Date of Submission
Nolan, T. R. (2012). They just want me to be happy: A study of how year 10 students in Queensland choose subject pathways for their senior secondary studies (Thesis, Australian Catholic University). Retrieved from https://doi.org/10.4226/66/5a962e76c6899
The impetus for this study was a concern for student selection of appropriate subject pathways for senior secondary studies. Data indicating that large numbers of students chose not to continue with training and education after leaving secondary education led to this research study. In Queensland, approximately 72 per cent of secondary students take an academic subject pathway for their senior secondary studies although only approximately 36 per cent attend a tertiary institution upon graduation (Department for Education and Industrial Relations, 2011; Department of Education Training and Employment, 2010). In addition, approximately 30 per cent of senior secondary students take a vocational subject pathway however only 25.1 per cent undertake further vocational education and training after graduation (Department of Education Training and Employment, 2010). Following secondary schooling 40 per cent of secondary students do not transition to education or training and 10 per cent of this group are not employed in their first year after school (Department of Education Training and Employment, 2010). Thus, the majority of students take academic subject pathways but do not use the qualification for tertiary studies nor do the young Queenslanders who studied a vocational subject pathway capitalise on their decision and continue with further vocational education and training upon graduation from secondary schooling. This is a concern because studies on youth unemployment have identified increased risk of future of long term casual employment or unemployment for those who do not engage in training and education to enhance their employability skills soon after secondary schooling (OECD Secretariat, 2000; Queensland Government, 2002). Moreover, the youth in Queensland face challenges emanating from global and national factors that mean their employment prospects may not be as assured and the future economy may not be as robust as was previously the case. International factors such as globalisation, youth unemployment and economic recessions interact with the Australian and Queensland economies to affect career pathways of secondary school students. Policies and initiatives introduced by the Australian Government to provide secure career pathways for adolescents are affected by changes to the labour market and economic downturns and these affect the opportunities or constraints facing students upon leaving secondary school in Queensland. Exploration into the dissonance between subject pathway choices and eventual post secondary destinations commenced with this study situated in three selected secondary schools with diverse characteristics and locations in Queensland. This study included: two self-report surveys administered to a group of Year 10 students, and semi-structured interviews with nine students from this cohort. Quantitative data were analysed for general data which raised several unresolved issues. The three schools were compared and the unresolved issues explored with a thematic analysis of the interview transcripts and the outcomes combined and discussed. Results suggested: academic self-efficacy was a salient predictor of the subject pathways that students would pursue; preferences for activities, skills or interests were not predictors of the subject pathways students would choose; and the schools' subject selection processes had a minimal effect on the career choices students made as most entered year 10 with a firm idea of their intended career. Students reported personal responsibility for their choice of subject pathway and future career at the same time as identifying their families as powerful agents in the choice of career; and teachers in the choice of subjects. Career Guidance Counsellors in the schools were under-utilised by the participants and had little impact on career choice or subject pathway choices. Overall students were found to assess the viability of information used in choosing subject pathways and career options according to how much they trusted the source and this was determined to some extent by the term of their relationship with that source and how closely that information resonated with their "personal first-hand experiences, social networks and social identities "(Dyke, Foskett, & Maringe, 2008). Results of this study suggest several possible approaches that could be implemented by school administrators and policy makers to provide students with appropriate subject pathway and career advice to smooth the transition for students between secondary studies and their eventual post-school destinations.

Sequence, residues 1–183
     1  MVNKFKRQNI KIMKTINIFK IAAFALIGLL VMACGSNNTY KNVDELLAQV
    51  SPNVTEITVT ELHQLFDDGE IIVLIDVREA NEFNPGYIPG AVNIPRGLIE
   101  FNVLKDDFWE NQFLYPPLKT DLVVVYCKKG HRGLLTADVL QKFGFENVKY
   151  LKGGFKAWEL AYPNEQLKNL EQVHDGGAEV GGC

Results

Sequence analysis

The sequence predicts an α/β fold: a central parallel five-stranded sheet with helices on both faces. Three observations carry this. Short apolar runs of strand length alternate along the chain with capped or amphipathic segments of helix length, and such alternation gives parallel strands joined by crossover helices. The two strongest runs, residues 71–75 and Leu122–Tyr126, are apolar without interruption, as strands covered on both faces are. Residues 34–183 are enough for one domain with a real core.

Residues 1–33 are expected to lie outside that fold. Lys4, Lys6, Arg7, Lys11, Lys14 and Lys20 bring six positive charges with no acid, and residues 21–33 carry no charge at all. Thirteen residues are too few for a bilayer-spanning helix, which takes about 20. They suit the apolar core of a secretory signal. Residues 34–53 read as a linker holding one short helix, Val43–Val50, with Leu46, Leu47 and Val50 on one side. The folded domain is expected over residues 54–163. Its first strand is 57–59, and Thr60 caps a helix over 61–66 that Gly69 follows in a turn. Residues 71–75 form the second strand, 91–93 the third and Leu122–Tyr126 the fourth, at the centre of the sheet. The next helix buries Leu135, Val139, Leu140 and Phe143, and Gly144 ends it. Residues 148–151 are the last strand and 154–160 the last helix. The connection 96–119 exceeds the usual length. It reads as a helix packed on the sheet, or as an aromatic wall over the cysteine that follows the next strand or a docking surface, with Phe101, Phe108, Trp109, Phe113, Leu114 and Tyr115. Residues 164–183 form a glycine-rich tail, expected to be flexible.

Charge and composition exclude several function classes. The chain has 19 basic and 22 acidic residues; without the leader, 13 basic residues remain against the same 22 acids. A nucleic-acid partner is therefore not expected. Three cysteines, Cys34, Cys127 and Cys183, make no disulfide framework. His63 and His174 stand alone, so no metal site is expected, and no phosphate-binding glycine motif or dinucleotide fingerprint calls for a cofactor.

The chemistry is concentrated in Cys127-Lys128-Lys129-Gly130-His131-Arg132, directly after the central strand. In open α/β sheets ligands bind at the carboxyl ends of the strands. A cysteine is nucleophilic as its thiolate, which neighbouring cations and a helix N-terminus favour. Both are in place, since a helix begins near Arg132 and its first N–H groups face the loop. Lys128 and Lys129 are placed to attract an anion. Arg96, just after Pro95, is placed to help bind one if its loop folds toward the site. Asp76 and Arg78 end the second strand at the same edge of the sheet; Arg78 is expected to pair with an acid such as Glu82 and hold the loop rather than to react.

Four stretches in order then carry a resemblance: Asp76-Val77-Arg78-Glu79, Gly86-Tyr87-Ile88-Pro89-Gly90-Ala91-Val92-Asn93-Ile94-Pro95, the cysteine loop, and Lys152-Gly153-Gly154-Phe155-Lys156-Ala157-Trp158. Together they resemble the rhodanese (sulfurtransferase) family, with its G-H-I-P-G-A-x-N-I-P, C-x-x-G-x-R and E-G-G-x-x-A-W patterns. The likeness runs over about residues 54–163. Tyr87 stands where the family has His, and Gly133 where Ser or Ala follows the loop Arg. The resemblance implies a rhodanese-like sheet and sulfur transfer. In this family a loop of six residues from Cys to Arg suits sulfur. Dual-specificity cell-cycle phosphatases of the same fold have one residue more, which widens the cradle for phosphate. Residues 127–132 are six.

School of Education
Doctor of Education (EdD)
Faculty of Education